“On-balance” to use the first Minister’s language, the DUP’s call to vote to leave the EU is likely to be largely cost-free for her party. The vote which is now set for 23 June will come just seven weeks after the Stormont Assembly elections, will mark the end of a three year cycle of elections; local Councils, Westminster and the Assembly. The EU ballot may well therefore strike voters as an epilogue or afterthought to a 3 act play, rather than a scene with any significant lines to learn or performance to performances to watch-out for.
In all likelihood party funds across Northern Ireland (and other parts of the UK) will be depleted from weeks of electioneering and activists worn-out from pounding pavements and stuffing envelopes for the third year in a row. To be sure some attention in June will be focussed on Europe, but mostly on the football (there will be no matches played on the day of the referendum in case you were wondering).
The language around the debate is likely to be considerably less emotive than the referendum on the Good Friday Agreement in 1998, although probably slightly more than last referendum we had (on the alternative vote) in 2011, yet the turnout (across the UK) may well be a deciding factor.
You may wonder if it’s still worthwhile measuring where all parties are on the EU, given that it’s a referendum not an election. After all First Minister Foster’s claim statement that while her party will “On-balance” will “recommend” a vote to leave, qualifying it by saying that “every voter has the opportunity to express a view we fully expect that DUP members and voters will hold a range of differing personal views as to what is in the best interests of the United Kingdom. They are fully entitled to do so” sounds almost like a soft-whip rather than an edict or an article of faith, one would associate with the Paisely era. It is perhaps worth remembering that Peter Robinson did say that Northern Ireland was better-off in the EU (though we don’t know he’ll be voting this time around).
But where parties stand is still significant; while elections are many referenda are few and often present issues on which the average voter has little emotional interest and who then may default to political comfort zone, obeying a party or newspaper or candidate of choice. This seems to be the case in the Republic of Ireland where votes on various EU treaties have produced mixed results. In an episode of the hilarious animated series on modern Ireland, “Martin’s Life” a family from Cork discuss the Republic of Ireland’s referendum on same-sex marriage, the father’s main question is simply “are Fianna Fáil in it?” before concluding that he will cast his vote for “the bisexuals” in order to get rid of “that other crowd”.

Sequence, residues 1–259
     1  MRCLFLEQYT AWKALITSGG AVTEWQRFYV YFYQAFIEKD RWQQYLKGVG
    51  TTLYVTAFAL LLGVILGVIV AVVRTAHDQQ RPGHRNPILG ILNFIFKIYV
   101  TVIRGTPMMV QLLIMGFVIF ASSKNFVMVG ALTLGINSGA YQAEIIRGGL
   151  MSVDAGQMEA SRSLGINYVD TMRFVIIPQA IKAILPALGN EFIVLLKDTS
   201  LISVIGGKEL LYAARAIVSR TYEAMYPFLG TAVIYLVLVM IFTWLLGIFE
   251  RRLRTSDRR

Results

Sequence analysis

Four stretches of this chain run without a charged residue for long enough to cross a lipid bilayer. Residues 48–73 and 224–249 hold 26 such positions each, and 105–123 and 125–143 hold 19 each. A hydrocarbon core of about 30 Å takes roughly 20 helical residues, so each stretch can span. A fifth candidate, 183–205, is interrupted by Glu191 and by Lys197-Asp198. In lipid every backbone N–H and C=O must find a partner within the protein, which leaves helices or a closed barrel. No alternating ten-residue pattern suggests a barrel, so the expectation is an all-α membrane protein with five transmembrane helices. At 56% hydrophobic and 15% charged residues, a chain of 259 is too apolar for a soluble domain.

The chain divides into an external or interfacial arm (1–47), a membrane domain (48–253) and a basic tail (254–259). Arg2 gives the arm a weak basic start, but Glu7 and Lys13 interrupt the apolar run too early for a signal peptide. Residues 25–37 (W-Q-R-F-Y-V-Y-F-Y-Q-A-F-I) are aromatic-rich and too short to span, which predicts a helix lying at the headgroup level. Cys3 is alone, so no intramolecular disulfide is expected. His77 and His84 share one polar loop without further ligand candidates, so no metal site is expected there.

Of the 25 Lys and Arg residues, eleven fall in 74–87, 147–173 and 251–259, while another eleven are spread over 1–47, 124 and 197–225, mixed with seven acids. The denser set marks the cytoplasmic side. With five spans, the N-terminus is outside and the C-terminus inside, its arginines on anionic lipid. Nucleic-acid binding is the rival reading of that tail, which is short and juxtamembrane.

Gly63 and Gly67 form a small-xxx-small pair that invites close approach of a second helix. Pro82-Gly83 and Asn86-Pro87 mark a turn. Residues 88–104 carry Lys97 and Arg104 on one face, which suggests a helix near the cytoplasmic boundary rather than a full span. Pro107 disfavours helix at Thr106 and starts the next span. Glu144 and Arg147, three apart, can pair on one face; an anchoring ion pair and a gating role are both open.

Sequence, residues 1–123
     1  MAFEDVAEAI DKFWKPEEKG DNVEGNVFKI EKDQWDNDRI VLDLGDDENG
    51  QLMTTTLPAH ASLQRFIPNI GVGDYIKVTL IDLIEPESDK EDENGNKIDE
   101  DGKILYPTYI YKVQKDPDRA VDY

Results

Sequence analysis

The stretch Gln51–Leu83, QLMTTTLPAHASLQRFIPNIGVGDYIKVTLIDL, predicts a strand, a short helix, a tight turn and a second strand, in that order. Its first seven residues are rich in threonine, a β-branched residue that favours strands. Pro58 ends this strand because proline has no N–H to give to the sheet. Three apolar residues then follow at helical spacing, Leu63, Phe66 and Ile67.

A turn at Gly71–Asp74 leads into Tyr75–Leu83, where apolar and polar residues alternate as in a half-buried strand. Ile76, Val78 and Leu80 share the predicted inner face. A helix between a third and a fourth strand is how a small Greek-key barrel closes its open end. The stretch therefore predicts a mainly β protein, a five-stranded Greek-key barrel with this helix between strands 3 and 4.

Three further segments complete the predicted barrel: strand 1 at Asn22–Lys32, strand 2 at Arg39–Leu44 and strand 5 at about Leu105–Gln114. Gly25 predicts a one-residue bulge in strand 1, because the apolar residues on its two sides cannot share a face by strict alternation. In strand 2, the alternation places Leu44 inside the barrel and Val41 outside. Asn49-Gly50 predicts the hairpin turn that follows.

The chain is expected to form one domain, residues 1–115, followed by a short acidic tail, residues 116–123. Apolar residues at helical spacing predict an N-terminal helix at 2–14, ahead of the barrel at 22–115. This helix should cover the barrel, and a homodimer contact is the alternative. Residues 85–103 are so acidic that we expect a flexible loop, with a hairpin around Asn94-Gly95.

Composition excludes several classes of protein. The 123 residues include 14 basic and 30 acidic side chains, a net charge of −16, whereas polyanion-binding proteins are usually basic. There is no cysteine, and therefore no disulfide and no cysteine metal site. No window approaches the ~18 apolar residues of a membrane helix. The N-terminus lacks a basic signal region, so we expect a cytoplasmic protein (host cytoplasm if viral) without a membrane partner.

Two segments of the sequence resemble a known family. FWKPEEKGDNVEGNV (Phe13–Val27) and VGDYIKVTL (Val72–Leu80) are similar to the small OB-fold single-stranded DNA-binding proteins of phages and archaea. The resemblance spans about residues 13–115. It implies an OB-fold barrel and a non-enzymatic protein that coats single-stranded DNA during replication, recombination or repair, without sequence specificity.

This will certainly not be the first time an election on the EU has brought other matters to the fore, Ian Paisley Senior was a known opponent of the EU, but it never stopped him using the MEP elections to his own and his party’s advantage, in fact I can remember very few European elections where EU issues came to the fore (and I mean anywhere in Europe!). For all reports of the rise of pressure groups and interest lobbies political parties are still the ships in which ideas sail in modern politics, they have after all the ready manpower and resources to fight any referendum and they will be looked-to for guidance and motivation.
The complexities attached to the European Union could well mean that many voters could default to political comfort zones, listening to local representatives or trusted news sources. This is worth considering, especially for those keen to see the UK remain in the Union, who, despite often having better access to facts than their opponents would do well to walk humbly on the campaign trail. One area where the Better Together campaign in the Scottish referendum came unstuck was its reportedly ‘patronising’ tone in some of its broadcasts. Many of the facts or predictions being bandied-around by both sides will come under scrutiny, or worse, simply be labelled as ‘scaremongering’.
The famous former editor of the Guardian CP Scott once held that “comment is free, but facts are sacred” but to many in Northern Ireland, the discovery of new facts does little to alter people’s long-held beliefs and opinions, it is narratives which are often clung-to and those seeking to gain popular support on issues might want to consider how they can bring voters along with them, rather than simply handing them facts and expecting them to follow.
In last Friday’s Guardian John Harris wrote that ‘in’ campaigners needed to look at ordinary ‘out’ voters:
“Whatever their motivations, the resentments they wanted to play on are real – and rational…Those who want Britain to stay in the European Union need to acknowledge them, think deeply, and not so lightly dismiss what their side is up against. Because if they don’t, the great calamities of which they warn will be all the more likely to come to pass”.
There is simply no way the ‘In’ side can rely on all those who’ve received cash from the EU to vote their way, by that logic they could claim to have every Orangeman in the country on their side. That is why the statement by the Ulster Farmer’s Union last week, that “there was no compelling case to leave the EU” is significant, it was not a statistic pointed-out buried in a Brussels briefing, but the voice of local farmers themselves.
The UUP (on the losing ‘Out’ side in ’75) is due to decide this on Saturday how to swing on the EU vote, having a unionist voice to advocate staying in could be a real boost to that campaign. Their experience of the 1998 referendum is likely to cause them to think carefully. I began by saying the DUP might not see much harm to them in recommending an ‘Out’ vote, but to those who want to remain there is too much at stake to be complacent.